Lost Lake Erie: The Great Expositions

The area around the Great Lakes was prized for its industry and innovation in the late 1800s and early 1900s — and it was common for those cities to show off their accomplishments with large-scale world’s fairs.

In 1889, the Detroit International Exposition opened on 72 acres near the juncture of the Rouge and Detroit rivers. Detroit wasn’t yet the Motor City, but it was still a major producer of a variety of products, from railroad cars to soap (the Detroit Soap Co.’s display was said to be particularly fragrant). More than 300,000 people came through the turnstiles in 10 days, and the fair became an annual event for several years.

Not to be outdone, in 1901, Buffalo celebrated the Pan-American Exposition, to show off, among other things, the lights powered by electricity from nearby Niagara Falls. The United States had just emerged triumphant in the Spanish-American War, and the fair was a celebration of the rise of the Western Hemisphere (hence the name Pan-American). Sadly, the exposition would become notorious as the site of the assassination of President William McKinley. The New York building is the only remaining structure, serving as home to the Buffalo History Museum.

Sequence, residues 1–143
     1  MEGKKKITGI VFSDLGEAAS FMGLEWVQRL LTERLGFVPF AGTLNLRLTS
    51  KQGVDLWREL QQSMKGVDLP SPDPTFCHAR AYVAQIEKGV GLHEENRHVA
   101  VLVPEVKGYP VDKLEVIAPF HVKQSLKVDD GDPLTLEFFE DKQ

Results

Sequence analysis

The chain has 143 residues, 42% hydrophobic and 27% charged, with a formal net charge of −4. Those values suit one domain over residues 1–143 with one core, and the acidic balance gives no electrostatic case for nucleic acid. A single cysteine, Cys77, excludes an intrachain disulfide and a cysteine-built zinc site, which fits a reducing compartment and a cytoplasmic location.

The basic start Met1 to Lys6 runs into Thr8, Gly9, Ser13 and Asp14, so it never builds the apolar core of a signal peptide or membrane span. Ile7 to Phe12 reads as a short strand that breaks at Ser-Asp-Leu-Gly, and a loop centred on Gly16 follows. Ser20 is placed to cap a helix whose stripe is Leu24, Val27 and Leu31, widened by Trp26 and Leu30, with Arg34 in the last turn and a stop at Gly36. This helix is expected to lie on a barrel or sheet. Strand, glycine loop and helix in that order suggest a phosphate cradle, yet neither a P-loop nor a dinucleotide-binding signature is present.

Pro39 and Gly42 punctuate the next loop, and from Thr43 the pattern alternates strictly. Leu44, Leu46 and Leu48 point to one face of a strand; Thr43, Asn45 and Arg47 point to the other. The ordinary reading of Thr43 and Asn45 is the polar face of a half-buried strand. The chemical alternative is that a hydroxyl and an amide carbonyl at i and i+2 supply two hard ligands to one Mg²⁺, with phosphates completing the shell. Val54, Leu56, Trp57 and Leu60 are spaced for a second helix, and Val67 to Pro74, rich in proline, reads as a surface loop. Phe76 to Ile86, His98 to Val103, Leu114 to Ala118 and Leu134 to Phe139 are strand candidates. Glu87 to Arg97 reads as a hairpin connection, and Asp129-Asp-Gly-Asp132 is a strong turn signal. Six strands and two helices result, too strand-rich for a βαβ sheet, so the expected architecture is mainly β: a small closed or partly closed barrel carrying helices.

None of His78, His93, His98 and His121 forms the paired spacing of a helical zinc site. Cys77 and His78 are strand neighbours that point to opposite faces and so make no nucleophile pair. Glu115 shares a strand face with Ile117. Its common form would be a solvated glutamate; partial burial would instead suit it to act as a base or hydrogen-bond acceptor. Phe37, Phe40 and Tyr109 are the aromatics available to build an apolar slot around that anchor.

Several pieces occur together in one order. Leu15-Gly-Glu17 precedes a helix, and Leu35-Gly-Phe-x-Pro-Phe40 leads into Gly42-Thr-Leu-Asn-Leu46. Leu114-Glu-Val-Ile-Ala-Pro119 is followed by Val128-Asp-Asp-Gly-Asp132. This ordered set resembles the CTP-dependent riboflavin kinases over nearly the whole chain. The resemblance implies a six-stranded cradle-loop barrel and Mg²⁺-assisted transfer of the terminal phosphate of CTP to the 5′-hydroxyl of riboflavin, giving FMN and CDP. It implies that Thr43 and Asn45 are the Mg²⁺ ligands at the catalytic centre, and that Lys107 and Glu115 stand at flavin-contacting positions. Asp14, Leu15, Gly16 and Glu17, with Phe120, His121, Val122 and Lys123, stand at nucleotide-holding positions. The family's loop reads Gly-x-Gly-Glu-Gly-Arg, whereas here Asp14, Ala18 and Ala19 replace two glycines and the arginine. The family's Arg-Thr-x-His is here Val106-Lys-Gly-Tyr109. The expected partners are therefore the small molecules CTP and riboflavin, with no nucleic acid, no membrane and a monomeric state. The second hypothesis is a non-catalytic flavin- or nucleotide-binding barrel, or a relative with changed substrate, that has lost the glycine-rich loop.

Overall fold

In 1936, Cleveland hosted the Great Lakes Exposition, ostensibly in celebration of the centennial of the city’s incorporation, but more practically as a way to generate tourism and revenue during the Great Depression. Ohio’s history of presidents was celebrated, as was its industrial advances and the varying ethnic groups that had flocked to Cleveland, making it the sixth-largest city in the country. The exposition proved so popular that it returned to the city again the following year.